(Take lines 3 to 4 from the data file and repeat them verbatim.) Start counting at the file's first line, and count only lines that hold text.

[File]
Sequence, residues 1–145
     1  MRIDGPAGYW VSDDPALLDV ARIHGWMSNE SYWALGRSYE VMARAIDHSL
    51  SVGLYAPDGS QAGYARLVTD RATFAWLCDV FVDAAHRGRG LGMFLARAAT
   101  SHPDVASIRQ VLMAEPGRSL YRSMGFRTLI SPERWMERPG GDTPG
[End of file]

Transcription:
    51  SVGLYAPDGS QAGYARLVTD RATFAWLCDV FVDAAHRGRG LGMFLARAAT
   101  SHPDVASIRQ VLMAEPGRSL YRSMGFRTLI SPERWMERPG GDTPG